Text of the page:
If you have been granted the gift of a tolerant gut, be gracious. This is a lesson me and my cast-iron stomach have taken far too long to learn. The freedom to fill oneself with peanuts, tree nuts, fructose, lactose or wheat is not a freedom available to all. I have finally come to see beyond my own stomach. I have finally come to be sensitive to food sensitivity.
How did my stomach come to understand other stomachs? How did this sensitivity to others unfold? The same way it so often does: by getting to know one of these “others” very well. Yes, my comrade cooks. The other stomach in my life—my partner’s—growls at me when its sensitivity is not entirely respected.
There are plenty of no-go foods on the FODMAP list. It is hardly garlic alone. But, I mention garlic as I remain in a state of great mourning for garlic.
Perhaps you have heard of the FODMAP group of foods. Research undertaken at Monash University identified a long list of things for the cranky, leaky gut to avoid. Some stomachs, including my partner’s, find that this list has liberated them from long hours in the loo.
There are plenty of no-go foods on the FODMAP list. It is hardly garlic alone. But, I mention garlic as I remain in a state of great mourning for garlic. As you know, garlic is a source of pungent delight upon which so many flavour profiles depend. And, as you also know, there are very few human palates who would gladly give it up.
There are those, like me, who have found food sensitivity in others just as difficult to grasp.
But, people do. Many of us suspect that Kate McCartney, co-hostess of history’s best cooking program, The Katering Show, lives without garlic and in compliance with the FODMAP list. There are individuals who find life less physically painful without garlic. Then, there are entire cultures who find life less spiritually painful without this stinking magic.
Brahmana styles of cooking are empty of garlic, and its allium cousin, onion. Jains do not take in any food whose harvest requires disturbance of the earth. The Ayurvedic diet recommends garlic to some, but not to those seeking a Sattvic, or enlightened, state. If you live in a low-FODMAP household in any culture, you’re soon going to be very grateful that some parts of Indian and Desi food culture made garlic a great taboo.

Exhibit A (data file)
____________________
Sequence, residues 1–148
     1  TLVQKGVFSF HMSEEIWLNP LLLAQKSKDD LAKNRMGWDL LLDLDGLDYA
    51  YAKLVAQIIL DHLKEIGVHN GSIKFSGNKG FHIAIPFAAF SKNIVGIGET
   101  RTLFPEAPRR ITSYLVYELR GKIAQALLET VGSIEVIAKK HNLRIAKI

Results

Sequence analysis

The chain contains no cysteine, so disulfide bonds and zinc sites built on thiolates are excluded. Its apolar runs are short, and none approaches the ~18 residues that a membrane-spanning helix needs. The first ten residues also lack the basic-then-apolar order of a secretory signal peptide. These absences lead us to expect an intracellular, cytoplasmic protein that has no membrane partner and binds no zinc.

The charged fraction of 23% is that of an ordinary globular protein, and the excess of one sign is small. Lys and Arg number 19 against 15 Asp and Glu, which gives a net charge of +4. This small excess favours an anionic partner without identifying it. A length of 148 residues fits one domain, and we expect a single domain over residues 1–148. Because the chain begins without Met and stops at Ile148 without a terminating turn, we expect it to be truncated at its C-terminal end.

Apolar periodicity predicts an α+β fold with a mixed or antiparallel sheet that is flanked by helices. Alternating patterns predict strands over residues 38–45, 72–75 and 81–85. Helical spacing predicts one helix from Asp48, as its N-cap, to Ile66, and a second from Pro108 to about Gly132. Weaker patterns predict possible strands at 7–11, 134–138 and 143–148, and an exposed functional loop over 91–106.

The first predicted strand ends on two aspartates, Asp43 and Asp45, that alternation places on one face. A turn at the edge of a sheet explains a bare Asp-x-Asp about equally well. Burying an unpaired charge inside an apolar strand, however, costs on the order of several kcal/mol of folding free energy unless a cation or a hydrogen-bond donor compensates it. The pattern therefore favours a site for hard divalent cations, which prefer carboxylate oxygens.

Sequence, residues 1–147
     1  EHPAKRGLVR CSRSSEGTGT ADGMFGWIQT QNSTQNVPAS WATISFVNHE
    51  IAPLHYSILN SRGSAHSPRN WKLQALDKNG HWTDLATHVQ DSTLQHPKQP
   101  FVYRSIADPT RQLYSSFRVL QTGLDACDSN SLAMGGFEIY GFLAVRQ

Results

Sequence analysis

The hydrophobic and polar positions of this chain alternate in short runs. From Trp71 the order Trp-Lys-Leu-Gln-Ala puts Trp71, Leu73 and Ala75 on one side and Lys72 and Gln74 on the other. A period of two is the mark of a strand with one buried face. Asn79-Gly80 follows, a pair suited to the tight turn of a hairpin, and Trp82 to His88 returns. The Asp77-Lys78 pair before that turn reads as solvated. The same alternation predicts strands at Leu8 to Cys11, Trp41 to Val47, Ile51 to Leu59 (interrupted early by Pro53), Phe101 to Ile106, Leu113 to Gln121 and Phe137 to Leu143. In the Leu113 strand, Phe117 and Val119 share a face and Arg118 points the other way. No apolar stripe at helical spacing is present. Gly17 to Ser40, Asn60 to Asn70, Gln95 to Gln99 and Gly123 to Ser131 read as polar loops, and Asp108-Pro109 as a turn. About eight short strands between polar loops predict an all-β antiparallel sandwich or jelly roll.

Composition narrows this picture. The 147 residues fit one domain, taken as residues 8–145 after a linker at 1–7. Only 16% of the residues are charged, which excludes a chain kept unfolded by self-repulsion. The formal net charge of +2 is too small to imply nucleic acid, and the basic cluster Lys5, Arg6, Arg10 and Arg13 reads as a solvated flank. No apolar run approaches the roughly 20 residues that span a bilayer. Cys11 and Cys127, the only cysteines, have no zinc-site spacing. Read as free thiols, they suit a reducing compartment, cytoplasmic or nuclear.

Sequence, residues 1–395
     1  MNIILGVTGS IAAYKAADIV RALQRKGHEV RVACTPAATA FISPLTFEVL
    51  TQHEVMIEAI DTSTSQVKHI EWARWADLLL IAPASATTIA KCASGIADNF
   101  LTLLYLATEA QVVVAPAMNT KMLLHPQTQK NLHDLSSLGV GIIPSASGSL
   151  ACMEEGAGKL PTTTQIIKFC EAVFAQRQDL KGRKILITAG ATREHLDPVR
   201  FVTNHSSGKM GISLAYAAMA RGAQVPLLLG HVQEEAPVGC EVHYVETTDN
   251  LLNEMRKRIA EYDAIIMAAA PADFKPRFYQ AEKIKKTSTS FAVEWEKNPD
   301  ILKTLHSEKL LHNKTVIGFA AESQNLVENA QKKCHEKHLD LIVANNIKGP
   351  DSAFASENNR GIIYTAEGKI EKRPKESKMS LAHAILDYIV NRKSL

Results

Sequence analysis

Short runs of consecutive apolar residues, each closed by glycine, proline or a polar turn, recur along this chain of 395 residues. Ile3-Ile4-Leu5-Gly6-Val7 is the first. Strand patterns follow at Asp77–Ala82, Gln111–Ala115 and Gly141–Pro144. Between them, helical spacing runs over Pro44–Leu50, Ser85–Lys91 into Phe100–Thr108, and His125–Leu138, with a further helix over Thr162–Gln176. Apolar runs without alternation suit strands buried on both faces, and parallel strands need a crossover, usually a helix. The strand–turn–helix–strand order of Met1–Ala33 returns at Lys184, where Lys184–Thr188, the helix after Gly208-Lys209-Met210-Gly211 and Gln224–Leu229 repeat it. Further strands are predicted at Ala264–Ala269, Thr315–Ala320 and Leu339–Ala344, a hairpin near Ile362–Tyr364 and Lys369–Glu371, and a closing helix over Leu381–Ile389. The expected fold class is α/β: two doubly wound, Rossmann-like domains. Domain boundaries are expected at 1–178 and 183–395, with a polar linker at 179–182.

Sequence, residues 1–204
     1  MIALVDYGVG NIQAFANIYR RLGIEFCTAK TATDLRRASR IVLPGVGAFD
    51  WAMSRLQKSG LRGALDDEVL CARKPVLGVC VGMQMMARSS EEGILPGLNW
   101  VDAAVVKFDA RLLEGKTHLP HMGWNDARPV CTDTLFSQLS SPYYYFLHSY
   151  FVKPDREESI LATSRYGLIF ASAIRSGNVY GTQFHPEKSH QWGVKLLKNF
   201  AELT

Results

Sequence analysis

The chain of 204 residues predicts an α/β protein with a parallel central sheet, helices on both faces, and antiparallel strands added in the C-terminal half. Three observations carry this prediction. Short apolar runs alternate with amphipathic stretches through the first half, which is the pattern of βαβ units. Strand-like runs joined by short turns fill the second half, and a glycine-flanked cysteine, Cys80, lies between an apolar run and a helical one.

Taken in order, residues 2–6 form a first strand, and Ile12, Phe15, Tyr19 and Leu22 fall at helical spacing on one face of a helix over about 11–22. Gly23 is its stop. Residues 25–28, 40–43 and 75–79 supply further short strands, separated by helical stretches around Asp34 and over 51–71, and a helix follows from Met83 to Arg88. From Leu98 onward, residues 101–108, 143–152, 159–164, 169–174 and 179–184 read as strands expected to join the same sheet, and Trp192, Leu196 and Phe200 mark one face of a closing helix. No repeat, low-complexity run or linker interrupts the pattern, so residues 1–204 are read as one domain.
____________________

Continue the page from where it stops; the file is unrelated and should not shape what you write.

Let me introduce you who must say goodbye to garlic to asafoetida. Let me warn you who are yet to use this aromatic that it can be rather overwhelming. Open that little jar, purchased for a few bucks in many large Asian, Mediterranean or Middle-Eastern specialty stores, and greet a colossally new sort of smell. My Western nose still finds the fragrance overpowering, however grateful my tongue remains for the taste. In time, though, you’ll get to know it like you got to know fish sauce or shrimp paste or miso or any of the “other” things you tried just once or twice before they became a staple.
There are those who find food prohibition in different cultures hard to understand. There are those, like me, who have found food sensitivity in others just as difficult to grasp. Me? I can eat that schnitz left atop a pub bain-marie for three days without any ill effect. It took this low-FODMAP life to see that not everyone can, or even cares to, eat everything as I do all the time.
Me? I can eat that schnitz left atop a pub bain-marie for three days without any ill effect.
Every culture, including Western culture, produces its own food prohibitions as a way of knowing itself. Every individual tummy knows what food it can withstand. We can get to know the idea of other people, and all their taboos or sensitivities, at the stove-top.
I now know that there are those who cannot eat garlic. I now respect this—even when I pop out of the house at times to secretly fill myself with the postcode’s most garlicky curry.
Helen Razer is your frugal food enthusiast, guiding you to the good eats, minus the pretension and price tag in her weekly Friday column, Cheap Tart. Don't miss her next instalment, follow her on Twitter @HelenRazer.